Welcome, the round-up is here once again. We’ve got lots of exciting things this week. As well as the usual interesting things from around the web we have a few announcements of our own. We have some good news about an upcoming speaker we’ve just announced. Our very first DVD as well. Details are all below. For now, let’s get on with the round-up.
Let’s start of with the good news. Comedian and organiser of the godless Christmas shows Robin Ince is going to be our May speaker. His shows tend to sell out theatres so we expect it’ll be a tight fit in The Victoria. Those who attended Jon Ronson’s talk will remember how uncomfortable it can get so this time we’ll be selling tickets to control numbers. The tickets will only be £2.50 each, around the same level as the normal suggested donation. You can get tickets from each of the upcoming talks, we won’t be selling them online so if you want a ticket, make sure you come along.
Many of us had chemistry sets when we were younger but some of us continued and went further, to the point of developing new medicines and splitting the atom in the kitchen. Jon Ronson looks at the world of home experimenters and home experimentation gone wrong.
Nick Cohen talks Salman Rushdie and censorship. The terror of Ayatollah Khomeini's fatwa has faded but the challenge it posed to artistic freedom has not, as a brush with the Indian authorities has shown.
So, what did you think of our visit from Andy McIntosh the other week then? We asked for your opinions and you gave them to us. Here’s a blog post with the rather interesting replies.
Did you miss the talk? If so, fret not, we filmed the talk and will be selling it on DVD for £3. If you want a copy, you can collect it on Wednesday night, let us know if you want one by emailing us at birminghamskeptics at gmail.com and we’ll bring you one along. If you want one posting to you, pretty much anywhere in the world, it’s the same price but you’ll have to pay postage. We’ll have full details soon, in the meantime just email us.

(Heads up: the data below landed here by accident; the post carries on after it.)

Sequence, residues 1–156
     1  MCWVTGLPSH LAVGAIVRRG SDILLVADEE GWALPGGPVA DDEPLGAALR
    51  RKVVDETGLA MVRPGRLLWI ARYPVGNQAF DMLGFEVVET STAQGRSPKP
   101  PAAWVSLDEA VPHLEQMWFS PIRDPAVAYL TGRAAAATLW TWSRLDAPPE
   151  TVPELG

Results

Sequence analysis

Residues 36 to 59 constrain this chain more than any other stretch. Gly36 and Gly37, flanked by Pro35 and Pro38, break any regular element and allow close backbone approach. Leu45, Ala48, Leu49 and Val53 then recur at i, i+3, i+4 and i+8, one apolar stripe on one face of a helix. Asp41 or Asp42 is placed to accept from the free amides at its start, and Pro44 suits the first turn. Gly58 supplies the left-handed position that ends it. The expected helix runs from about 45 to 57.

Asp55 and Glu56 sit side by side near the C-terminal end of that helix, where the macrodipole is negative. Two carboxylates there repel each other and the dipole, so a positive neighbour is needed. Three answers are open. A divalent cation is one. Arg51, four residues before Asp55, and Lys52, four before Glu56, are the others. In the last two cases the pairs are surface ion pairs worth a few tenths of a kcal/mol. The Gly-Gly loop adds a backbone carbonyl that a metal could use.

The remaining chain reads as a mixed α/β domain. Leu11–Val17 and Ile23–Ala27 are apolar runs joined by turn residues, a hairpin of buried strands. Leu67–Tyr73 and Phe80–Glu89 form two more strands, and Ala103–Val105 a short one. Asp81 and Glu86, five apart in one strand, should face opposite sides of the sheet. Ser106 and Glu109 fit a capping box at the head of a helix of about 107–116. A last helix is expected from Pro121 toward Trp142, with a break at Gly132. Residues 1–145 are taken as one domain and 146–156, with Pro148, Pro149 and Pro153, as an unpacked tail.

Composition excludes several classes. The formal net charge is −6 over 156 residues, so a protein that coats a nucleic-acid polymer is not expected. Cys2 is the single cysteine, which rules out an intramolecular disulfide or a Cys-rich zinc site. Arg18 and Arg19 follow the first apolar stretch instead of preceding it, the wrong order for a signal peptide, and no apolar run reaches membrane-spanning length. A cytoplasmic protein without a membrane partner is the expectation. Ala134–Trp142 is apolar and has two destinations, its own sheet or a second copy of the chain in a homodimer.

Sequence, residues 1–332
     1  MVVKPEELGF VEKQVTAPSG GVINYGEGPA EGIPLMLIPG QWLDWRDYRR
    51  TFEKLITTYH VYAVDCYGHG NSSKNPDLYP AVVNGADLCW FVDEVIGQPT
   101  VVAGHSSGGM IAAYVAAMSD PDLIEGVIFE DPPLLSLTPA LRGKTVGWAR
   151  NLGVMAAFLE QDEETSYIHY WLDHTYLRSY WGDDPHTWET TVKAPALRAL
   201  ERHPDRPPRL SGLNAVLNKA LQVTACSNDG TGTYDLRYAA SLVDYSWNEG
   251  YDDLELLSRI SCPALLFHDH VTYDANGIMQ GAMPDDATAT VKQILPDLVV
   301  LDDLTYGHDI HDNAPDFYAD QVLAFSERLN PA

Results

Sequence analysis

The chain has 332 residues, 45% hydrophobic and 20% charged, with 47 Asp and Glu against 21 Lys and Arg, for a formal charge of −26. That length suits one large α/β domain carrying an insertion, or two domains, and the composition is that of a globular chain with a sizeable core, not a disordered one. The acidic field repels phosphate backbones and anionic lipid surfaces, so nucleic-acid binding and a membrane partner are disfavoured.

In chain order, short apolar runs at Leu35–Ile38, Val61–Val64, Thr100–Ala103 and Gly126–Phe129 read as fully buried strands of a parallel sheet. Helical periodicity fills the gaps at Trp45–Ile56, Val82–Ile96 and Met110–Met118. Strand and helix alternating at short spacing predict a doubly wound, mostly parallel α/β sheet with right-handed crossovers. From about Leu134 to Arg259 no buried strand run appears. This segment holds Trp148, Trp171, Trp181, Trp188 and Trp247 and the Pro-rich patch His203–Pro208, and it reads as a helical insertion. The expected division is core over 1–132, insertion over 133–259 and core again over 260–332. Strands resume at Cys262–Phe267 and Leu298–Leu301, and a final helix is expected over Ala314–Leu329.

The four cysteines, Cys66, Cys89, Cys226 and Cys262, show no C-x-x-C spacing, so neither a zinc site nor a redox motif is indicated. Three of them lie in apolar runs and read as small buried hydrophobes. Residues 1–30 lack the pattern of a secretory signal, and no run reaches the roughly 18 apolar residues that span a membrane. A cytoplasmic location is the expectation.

When you watch the DVD, one of the first things that’ll strike you, after your amazement at the quality of the mastering by Chris and the cover design by Paul, is the excellent music. This was done for us by DJ, remixer and producer Nathan Jay. Listeners of the Richard Herring and Andrew Collins podcast would know his work. Have a look at what else he’s done here.
You know that health bill that’s going through that some assert benefits private healthcare providers? Imagine if the minister in charge of it had received financial backing from a private healthcare provider. No need to imagine, the telegraph has the details.
Galileo’s Finger by Peter Atkins is based around 10 great ideas of science that have emerged since the time of Galileo and covers evolutionary theory, genetics chemistry, quantum theory, cosmology and mathematics. Former Birmingham Skeptics regular and now neuroscientist in Norway Tulpesh Patel reviews the book here.